Profit warning wipes €1bn off Aryzta value
Swiss-Irish food maker Aryzta lost €1.1bn in value yesterday as the company announced an "extremely disappointing" performance in the last five months of 2016.
The announcement saw investors hurrying to unload the stock, with the value of the company being slashed by almost a third from €3.74bn to €2.65bn.
Aryzta closed the day down more than 32pc at €28.50 per share in Dublin. Aryzta said H1 revenues were 20pc lower than expected and forecast a similar drop-off over the course of the year.
"The performance in the current period is both unexpected and extremely disappointing," said Aryzta ceo Owen Killian.
The figures cover the last five months of 2016 and, in a statement, the company said that the impact of Brexit, reduced revenue in the US and higher than expected labour inflation costs had impacted across the business.
It is the latest blow to Mr Killian, who was forced to forego an annual bonus last October on account of the company's underwhelming performance.
In 2014 the company invested $1bn (€730m) on US and Canadian acquisitions, including the US company Cloverhill Bakery.
At the time Aryzta said the acquisitions would allow it increase its presence in the pastry consumer market in North America.
However, the company said that its US baked goods distribution company, Otis Spunkmeyer, has triggered losses earlier than anticipated.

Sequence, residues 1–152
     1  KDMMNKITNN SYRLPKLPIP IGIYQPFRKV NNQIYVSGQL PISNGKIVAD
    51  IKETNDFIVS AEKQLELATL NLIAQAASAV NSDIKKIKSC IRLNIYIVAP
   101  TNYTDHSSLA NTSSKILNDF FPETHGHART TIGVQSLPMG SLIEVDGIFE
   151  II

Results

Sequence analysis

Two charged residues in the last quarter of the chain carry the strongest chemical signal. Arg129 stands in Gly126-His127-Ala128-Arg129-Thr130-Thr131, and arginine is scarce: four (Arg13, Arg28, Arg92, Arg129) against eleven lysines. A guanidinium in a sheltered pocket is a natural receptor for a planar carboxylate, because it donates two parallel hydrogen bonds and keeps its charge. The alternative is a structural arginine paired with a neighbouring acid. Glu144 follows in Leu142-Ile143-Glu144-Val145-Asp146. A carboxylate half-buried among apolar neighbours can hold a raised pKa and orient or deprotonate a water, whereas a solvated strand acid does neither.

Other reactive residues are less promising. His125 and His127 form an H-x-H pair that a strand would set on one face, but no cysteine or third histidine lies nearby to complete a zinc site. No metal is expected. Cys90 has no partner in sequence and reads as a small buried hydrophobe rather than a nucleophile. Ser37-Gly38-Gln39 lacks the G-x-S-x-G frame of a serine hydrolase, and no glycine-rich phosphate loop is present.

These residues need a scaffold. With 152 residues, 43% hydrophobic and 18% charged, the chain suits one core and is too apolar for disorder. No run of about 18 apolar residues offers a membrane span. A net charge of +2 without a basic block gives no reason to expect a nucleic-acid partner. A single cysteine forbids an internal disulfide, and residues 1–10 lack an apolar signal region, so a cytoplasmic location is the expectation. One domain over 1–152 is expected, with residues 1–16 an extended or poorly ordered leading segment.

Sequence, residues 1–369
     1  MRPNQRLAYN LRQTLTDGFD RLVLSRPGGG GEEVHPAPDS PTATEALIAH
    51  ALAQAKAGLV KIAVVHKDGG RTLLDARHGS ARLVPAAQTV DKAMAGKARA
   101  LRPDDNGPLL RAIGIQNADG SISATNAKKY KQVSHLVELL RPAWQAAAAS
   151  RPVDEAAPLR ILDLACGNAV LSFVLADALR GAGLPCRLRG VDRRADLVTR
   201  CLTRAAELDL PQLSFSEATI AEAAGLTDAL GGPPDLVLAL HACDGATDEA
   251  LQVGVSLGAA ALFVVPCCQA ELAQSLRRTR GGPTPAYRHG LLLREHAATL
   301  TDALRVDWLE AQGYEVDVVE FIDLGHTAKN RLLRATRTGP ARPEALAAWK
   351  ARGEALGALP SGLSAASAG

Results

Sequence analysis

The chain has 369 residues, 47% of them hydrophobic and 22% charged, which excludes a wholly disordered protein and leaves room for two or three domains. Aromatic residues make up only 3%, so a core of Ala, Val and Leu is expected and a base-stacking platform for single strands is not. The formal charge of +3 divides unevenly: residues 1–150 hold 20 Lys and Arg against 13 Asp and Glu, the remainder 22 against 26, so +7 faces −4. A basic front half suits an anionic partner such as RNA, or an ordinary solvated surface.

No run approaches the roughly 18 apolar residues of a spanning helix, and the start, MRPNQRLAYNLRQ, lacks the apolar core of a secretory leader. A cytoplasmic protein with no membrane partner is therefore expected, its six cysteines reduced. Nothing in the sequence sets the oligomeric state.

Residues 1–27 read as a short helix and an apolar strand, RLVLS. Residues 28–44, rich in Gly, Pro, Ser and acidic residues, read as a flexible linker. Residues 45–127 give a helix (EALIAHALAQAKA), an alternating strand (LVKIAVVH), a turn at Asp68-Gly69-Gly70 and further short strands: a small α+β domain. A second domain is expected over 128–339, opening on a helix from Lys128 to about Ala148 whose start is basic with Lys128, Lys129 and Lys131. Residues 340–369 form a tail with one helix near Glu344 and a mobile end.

It also said that higher-than -expected labour inflation costs in North America have meant lower H1 margins, which are now expected to be 6-7pc. However, it says that North American margins are expected to improve in H2, as agreed price increases take effect with the majority of customers.
Aryzta also announced that the board is reviewing its investment strategy as it relates to its joint ventures.
Mr Killian said it will take a recovery followed by a period of sustainable growth to re-establish investor confidence.
"We have initiated price increases to address United States labour inflation, which is significant across the business. It will also require an alignment with our key shareholders in terms of our future strategy and capital allocation. A substantial element of this significant setback is timing related.
"The Aryzta board and management teams are committed to returning the business to solid performance and growth and dealing with the challenges presented," Mr Killian said.
David Holohan, chief investment officer at Merrion Capital, believes the spotlight will now turn to Mr Killian and his team.
"The results really put the focus back on management and the decisions they have taken in the past couple of years. The outlook now is significantly bleaker than it was just a few months ago when management were giving a more upbeat assessment.
"They are going to have to look at the internal operations and how they manage the different businesses that they have acquired. It may be the case that they have spread themselves too thin," Mr Holohan said.